Novel insights – part 3

Earlier here and here we looked at some of the novel insights recovered by the large reptile tree at reptileevolution.com. Today we’ll look at the pterosaurs.

New Lepidosauromorpha part 3

  1. Pterosaurs arise from fenestrasaurs like Cosesaurus, Sharovipteryx and Longsiquama.
  2. The basalmost pterosaurs is the long-legged Bergamodactylus (MPUM 6009),
  3. After basal Triassic taxa, pterosaurs split into dimorophodontids (including anurognathids) and eudimorphodontids (all other pterosaurs).
  4. The IVPP V13758 embryo would grow to become an 8x larger, anurognathid, which is very big considering the embryo is the size of several other anurognathids.
  5. The flathead anurognathid is not congeneric with Anurognathus.
  6. The holotype of Jeholopterus is probably a blood-lapping vampire.
  7. Eudimorphodon has an unusual posteriorly wide torso.
  8. The holotype of Sordes includes a displaced ulna and radius, which is the cause of the wing membrane appearance between the ankles. Other Sordes specimens are not conspecific nor congeneric.
  9. Rhamphorhynchus was derived from Campylognathoides after phylogenetic miniaturization.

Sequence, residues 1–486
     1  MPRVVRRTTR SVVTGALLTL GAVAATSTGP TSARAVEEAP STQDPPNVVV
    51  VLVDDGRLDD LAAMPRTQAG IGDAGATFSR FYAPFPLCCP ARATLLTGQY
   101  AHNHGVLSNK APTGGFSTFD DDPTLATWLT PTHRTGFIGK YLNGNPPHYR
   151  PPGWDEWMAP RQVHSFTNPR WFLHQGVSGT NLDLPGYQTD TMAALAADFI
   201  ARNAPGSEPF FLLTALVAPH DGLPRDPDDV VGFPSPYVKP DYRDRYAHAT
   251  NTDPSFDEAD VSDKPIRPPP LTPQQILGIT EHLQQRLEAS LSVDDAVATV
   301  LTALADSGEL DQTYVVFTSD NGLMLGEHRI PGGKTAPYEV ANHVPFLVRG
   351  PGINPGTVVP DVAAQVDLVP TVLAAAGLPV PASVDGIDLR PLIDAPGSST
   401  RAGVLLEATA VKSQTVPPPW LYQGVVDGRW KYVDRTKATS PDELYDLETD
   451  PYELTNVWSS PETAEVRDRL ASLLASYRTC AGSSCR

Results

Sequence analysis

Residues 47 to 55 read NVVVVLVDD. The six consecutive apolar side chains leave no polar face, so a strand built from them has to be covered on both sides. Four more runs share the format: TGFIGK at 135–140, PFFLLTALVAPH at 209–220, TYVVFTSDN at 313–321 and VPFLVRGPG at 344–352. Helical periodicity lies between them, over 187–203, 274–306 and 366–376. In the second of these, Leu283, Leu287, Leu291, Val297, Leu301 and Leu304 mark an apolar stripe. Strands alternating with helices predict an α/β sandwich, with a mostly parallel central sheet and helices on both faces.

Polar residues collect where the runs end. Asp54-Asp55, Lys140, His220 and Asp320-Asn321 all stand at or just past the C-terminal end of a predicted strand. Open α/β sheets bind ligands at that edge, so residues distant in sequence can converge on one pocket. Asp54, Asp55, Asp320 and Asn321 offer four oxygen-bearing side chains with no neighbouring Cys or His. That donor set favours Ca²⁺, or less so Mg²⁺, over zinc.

10. A juvenile Rhamphorhynchus longiceps was recovered by phylogenetic analysis. It was otherwise considered an adult.
  11. Embryo, juvenile and adult pterosaurs cannot be distinguished except by the presence of eggshell, associated adults of similar morphology and phylogenetic analysis.
  12. Pterodactyloid-grade pterosaurs arose 4x by convergence, twice through Dorygnathus and twice through Scaphognathus and all by way of phylogenetic miniaturization.
  13.  JME-Sos 2428 (no. 57 in the Wellnhofer 1970 catalog) is a flightless pterosaur.
  14. Zhejiangopterus demonstrates isometry during ontogeny.
  15. When pterosaurs walked they could not and did not put much weight on their ski-pole-like fingers. When they floated they locomoted principally with their forelimbs.
  16. Darwinopterus was not the transitional pterosaur, but a dead end.
  17. The smallest known adult pterosaur, B St 1967 I 276 (No. 6 of Wellnhofer 1970) is the size of an adult bee hummingbird.
  18. Germanodactylids gave rise to pteranododontids, dsungaripterids, shenzhoupterids and tapejarids. All have a sharp, tooth-tipped rostrum.
  19. The variety in Pteranodon and Nyctosaurus skulls is phylogenetic, not ontogenetic or gender-based.
  20. Sinopterus liui is not congeneric with the holotype of Sinopterus.
  21. … and many, many more pterosaur insights.

More later.

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